None of the buildings of that day remain. They consisted of a two-story brick administration building at the south end of the property, behind which were three larger brick structures, all facing south. Two of them together made a cavernous structure 140 by 250 feet in size, originally used for steel fabrication. Eastward and behind the administration building was the third, 60 by 180 feet. A spur of the Nickel Plate Railroad entered the property from the east. Three years later a large frame storage building was built northward on the site.

It was near chaos there for awhile with 200 men often working two 12-hour shifts seven days a week to get the facilities in shape for housing of workers and animals, for repairs of equipment and for training of acts. With forceful direction by Fred (Captain) Seymour, an experienced circusman brought in to take charge, the job was completed on schedule.

It had to be done without delay because animals and equipment that Adkins and Terrell were purchasing soon began arriving, such as the entire equipment and rolling stock of the 15-car Robbins Brothers Circus. Animals came from everywhere: the entire zoo of Birmingham, Alabama; sea lions from San Diego; 22 ponies from Illinois. There were lions, tigers, horses, elephants and all kinds of exotic beasts appearing in a constant stream. Some elephants and camels were housed awhile in the former nipple plant building on East Fourth Street, now the site of Rochester Metal Products.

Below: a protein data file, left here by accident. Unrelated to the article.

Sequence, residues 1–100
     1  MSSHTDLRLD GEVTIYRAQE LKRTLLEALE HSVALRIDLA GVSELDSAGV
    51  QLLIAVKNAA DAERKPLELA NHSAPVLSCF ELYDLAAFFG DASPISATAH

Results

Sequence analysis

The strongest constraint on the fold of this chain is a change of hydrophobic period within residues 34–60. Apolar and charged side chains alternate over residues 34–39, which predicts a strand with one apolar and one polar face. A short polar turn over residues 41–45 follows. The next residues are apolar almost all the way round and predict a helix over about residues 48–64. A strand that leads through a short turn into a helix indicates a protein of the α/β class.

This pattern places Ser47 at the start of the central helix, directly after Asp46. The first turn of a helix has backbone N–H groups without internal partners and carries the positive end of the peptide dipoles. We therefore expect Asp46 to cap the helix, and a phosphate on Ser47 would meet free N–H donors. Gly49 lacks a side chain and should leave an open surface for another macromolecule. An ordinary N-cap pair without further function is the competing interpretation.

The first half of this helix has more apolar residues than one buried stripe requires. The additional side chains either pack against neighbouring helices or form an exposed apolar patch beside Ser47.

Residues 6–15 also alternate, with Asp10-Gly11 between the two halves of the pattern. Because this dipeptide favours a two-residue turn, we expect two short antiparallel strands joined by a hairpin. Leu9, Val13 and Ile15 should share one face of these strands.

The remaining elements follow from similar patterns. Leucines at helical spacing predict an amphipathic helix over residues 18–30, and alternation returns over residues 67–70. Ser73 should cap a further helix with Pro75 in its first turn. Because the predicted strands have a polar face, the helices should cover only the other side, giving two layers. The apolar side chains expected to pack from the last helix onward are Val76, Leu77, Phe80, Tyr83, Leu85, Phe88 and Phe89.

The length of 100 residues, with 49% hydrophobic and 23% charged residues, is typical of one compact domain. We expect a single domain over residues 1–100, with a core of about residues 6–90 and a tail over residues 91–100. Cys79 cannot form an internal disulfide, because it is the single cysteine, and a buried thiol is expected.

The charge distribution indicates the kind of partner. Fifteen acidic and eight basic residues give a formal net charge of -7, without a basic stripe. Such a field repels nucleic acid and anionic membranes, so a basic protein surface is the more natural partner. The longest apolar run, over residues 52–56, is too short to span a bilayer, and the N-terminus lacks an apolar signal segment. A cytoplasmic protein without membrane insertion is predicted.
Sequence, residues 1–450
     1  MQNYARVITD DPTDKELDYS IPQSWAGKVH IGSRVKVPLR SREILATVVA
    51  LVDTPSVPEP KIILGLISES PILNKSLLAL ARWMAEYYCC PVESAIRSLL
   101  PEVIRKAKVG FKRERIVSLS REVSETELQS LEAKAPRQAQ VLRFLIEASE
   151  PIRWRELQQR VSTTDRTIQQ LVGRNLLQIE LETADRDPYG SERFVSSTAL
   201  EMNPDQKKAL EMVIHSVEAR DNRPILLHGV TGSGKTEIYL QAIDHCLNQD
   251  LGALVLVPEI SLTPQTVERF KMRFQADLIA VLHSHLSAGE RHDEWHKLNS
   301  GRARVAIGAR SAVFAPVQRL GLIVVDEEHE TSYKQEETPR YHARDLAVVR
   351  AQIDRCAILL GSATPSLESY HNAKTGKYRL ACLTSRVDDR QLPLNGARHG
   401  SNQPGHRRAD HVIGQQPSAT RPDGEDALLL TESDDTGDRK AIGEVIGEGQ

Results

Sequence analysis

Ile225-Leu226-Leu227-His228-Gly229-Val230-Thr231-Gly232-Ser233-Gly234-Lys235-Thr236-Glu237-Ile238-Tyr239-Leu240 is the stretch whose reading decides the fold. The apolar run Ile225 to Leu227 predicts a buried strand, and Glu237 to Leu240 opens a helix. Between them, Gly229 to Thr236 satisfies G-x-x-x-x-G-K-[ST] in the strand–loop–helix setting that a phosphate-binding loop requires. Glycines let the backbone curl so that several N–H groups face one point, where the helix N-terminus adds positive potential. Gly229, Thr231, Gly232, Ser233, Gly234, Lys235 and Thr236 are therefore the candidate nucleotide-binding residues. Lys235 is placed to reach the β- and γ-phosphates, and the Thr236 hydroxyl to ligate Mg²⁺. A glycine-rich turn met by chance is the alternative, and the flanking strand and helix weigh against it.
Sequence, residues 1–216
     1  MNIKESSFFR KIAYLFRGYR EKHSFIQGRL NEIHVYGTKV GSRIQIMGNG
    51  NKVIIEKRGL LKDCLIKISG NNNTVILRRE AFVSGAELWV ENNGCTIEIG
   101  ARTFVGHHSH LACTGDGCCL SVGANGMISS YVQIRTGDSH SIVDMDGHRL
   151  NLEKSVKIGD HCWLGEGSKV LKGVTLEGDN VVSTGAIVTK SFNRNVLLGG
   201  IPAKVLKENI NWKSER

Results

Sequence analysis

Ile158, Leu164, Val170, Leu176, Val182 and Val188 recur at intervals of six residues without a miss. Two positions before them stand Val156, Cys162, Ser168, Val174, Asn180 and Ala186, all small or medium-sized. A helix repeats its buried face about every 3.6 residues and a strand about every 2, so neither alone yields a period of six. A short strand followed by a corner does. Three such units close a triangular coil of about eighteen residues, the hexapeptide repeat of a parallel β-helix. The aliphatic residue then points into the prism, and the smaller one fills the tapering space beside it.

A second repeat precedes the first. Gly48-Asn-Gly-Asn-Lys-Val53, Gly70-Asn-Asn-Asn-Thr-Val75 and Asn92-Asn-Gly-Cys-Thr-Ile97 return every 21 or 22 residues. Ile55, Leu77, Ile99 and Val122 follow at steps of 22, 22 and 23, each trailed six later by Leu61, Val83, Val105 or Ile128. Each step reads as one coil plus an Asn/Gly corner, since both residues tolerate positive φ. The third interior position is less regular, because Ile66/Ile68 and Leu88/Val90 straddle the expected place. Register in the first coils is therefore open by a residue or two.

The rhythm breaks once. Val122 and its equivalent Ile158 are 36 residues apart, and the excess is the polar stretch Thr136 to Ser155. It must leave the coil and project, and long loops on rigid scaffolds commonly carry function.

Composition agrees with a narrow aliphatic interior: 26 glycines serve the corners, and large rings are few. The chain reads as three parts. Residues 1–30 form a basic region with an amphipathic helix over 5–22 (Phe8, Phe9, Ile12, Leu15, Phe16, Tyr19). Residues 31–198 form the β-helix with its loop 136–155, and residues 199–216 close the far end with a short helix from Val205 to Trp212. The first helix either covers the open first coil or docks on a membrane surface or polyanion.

Surprisingly, by mid-November Cole Bros. Circus had acquired an outstanding menagerie: 17 elephants, 40 lions, tigers, leopards, panthers and pumas; plus sea lions, zebras, camels, sacred cows, horses of all kinds, bears, monkeys, chimpanzees, baboons and spotted hyenas. A hippopotamus was coming.

Another major performer brought in was Jorgen Christiansen. A Dane, he had gained world fame with the 16 cream-colored stallions he trained for a Liberty horse act, so called because the animals were not tethered during their performances.

Eddie Allen, nationally known elephant trainer, came to handle the huge bull herd that eventually numbered 30 elephants. Allen directed their training and performances, the latter starring his beautiful wife Jean.